But do not mistake it for a suspension fork … it is not. While there are limits to the  speed one can run the NINER RDO fork over rough grounds, it is another matter that makes such sections sooo much fun. The shear steering precision, being able to precisely pick your line in a rock garden and find the front wheels doing exactly as you want, to me became a rewarding experience. That made the extra effort for having to employ  an active riding absolutely worthwhile. We all are used to riding suspension forks and have come to terms with a certain amount of flex, that mostly we don´t even consciously notice it anymore, but one ride on this fork will be overthrowing your definition of steering precision altogether. The 15mm through axle does wonders turning an already great fork into something even better. Something even more fun to ride.

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While the 15mm through axle definitely is an asset to the fork´s ride performance, it has been a bit of nuisance as well when trying to get the wheel mounted. The reason simply is that the threaded end on the fork, which is minimal already by itself, had no chance to do its job, simply because in case of our sample the dropouts were spaced at least 4 mm to wide. So when trying to get the wheel mounted it was a bit of  fiddely work until I finally got the through axle threaded through the hub. For mounting the front wheels right side up, I always needed a helping hand, so that eventually I settled with turning the bike upside down and mounting the wheel this way :( .

 

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Another thing to consider is the axle to crown measurement of 470 mm. While it does resemble the length of a sagged 100 mm fork, there had been quite a few of occasions where I hit my cranks on the ground in corners or over obstacles, that I usually would have cleared before with a suspension fork in the beginning. It simply takes a bit of getting used to because we seem to be so accustomed to the constantly changing axle-to-crown length of our suspension forks, that the constant lenght of a rigid fork, does feel a bit unusual at times. Sometimes I couldn´t help but wonder how a 490 mm axle to crown length, as the old steel rigid fork by NINER   had, would do on this fork.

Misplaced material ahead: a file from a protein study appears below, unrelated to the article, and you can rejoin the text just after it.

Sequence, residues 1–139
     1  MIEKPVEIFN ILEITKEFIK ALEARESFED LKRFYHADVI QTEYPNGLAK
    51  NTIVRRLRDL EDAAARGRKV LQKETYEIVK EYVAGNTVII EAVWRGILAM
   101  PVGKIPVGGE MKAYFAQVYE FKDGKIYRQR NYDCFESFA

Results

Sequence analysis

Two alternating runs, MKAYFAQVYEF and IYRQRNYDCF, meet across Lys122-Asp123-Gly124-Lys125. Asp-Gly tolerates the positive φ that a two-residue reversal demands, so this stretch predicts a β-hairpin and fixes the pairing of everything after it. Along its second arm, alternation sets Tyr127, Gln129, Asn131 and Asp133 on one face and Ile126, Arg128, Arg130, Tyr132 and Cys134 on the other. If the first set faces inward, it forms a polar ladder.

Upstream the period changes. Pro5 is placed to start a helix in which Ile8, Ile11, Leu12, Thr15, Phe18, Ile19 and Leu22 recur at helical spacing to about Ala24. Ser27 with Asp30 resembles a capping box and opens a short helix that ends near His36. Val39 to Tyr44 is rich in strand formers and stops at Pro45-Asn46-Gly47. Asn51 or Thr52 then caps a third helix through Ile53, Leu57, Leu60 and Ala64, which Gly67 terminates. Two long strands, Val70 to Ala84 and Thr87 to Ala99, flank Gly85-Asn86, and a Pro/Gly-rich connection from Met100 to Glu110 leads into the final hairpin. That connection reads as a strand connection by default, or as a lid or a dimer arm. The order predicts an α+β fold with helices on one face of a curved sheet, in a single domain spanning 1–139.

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VERDICT: To me the NINER RDO carbon rigid fork is a purist tool for those seeking cutting edge simplicity – be it a racer, weight weenie, or some esthete in search for the perfect lines. NO doubt, the RDO rigid fork will never become mainstream, but there also is no denying it is a very exciting product. It is incredibly lightweight, immensely precise, yet rides surprisingly resilient and has awesome damping properties. On the uphill it will turn any bike into a weapon, on the downhills, it will require a bit more riding style but surely helps you improve your riding skills. The one thing I was disappointed on was how cumbersome wheel mounting had been, but once mounted the precise steering was simply breathtaking. The appeal of this fork really is that it turns any uphill into a fiesta, while it still keeps riding downhill fun, and makes a very “direct” but still rewarding experience.

If you mount the NINER RDO carbon rigid fork on your bike – be prepared that you may unleash a  beast, one that you may need to tame first :) .

Oli